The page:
Wednesday, April 20, 2016

The financial benefits of using a Phone in Class

In today's world, when you look around, you will most likely find someone using an electronic device. From the restaurants to schools and even churches you will almost definitely spot a person ducking down and looking at their rectangle piece of plastic or glass.  Since the release of the iPhone in 2007, the world has changed drastically. Before the release of the iPhone, people had other things besides a smartphone to occupy their lives. Nowadays, people fill the pauses of their lives with a smartphone. Obviously, many things have pros and cons and smartphones are no exception to this rule. A positive use for a  smartphones  and one of the most important benefits of a smartphone is the financial benefit in a classroom.

Above: People filling their pauses in life with a smartphone. Source:

Just several years ago, when I was still in middle school, phones were condemned from school. Students were not allowed to use any sort of electronic devices in the hallways or classroom. This included any time during school hours, even during breaks or lunch. If caught, a teacher may confiscate the device and require a parent to pick up the device at a later time. I have always believed that this rule was counter intuitive because if smartphones are used responsibly, they can be put to great educational use. Fortunately, the tide has shifted and schools now somewhat encourage the use of smartphones in the classrooms. In fact, it would rather be extremely inconvenient if a student did not own a smartphone. According to in 2015, 88% of American teens between the age of 13 and 17 have a mobile device while 73% have a smartphone. If a smartphone is brought to school as an educational device, and the school acknowledges this, tons of money towards buying additional technology can be saved.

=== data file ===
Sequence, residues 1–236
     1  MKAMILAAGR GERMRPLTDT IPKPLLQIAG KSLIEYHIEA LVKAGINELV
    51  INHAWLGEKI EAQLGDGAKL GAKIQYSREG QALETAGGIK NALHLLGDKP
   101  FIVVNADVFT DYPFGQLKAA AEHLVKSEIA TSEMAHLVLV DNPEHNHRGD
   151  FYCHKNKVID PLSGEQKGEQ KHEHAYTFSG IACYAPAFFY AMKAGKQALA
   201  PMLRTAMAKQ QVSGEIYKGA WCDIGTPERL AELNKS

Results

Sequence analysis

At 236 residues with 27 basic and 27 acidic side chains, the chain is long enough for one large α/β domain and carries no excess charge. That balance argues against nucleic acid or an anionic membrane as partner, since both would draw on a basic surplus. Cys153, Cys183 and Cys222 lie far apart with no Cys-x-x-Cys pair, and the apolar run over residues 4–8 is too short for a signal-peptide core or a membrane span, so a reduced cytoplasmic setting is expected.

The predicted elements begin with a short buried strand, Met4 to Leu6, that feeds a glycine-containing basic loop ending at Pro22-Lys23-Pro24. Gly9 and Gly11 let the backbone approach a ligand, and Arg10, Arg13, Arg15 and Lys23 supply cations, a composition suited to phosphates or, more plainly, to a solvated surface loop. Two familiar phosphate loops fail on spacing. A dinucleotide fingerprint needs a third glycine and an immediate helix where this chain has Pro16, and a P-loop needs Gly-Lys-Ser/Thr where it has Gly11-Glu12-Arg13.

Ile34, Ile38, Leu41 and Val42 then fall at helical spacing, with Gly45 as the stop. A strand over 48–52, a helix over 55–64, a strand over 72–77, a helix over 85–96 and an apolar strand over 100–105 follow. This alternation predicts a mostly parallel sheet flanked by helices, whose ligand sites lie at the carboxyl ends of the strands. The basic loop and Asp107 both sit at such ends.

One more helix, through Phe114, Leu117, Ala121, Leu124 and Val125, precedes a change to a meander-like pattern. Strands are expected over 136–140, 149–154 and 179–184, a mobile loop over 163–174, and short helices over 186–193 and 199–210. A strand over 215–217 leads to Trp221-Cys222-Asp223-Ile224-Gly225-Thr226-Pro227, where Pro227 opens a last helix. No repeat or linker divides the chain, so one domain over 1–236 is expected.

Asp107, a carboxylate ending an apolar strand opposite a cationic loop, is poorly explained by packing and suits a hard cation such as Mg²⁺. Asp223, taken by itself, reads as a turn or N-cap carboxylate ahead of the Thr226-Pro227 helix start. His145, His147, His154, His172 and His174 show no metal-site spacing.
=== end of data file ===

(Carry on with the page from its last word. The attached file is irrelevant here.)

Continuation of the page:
The number of times my teachers have asked me to take out my phone for class activities have increased exponentially each year. From Kahoot! to Quizlet Live to completing a school survey, I have used my device that my family paid for entirely. In wealthy school districts, bringing a personal device should be no problem for most students, however, in more impoverished school districts, bringing a personal device to school could be more problematic than helpful. Currently, school districts of less wealthy regions receive more state funding than a school district in a more wealthy region. I'm not promoting the raise or decline of funding towards any schools whatsoever. However, funding more technology  for students without the ability to purchase their own technology should be made a priority. In wealthy school districts, administrators should consider allocating more money for extra curriculars, or wherever the student body desires. 

Overall, smartphones can bring a financial benefit to any school district. Instead of rejecting them, administrators should embrace them and use them as a beneficial resource with the mindset that the school district just saved money on buying excessive resources.

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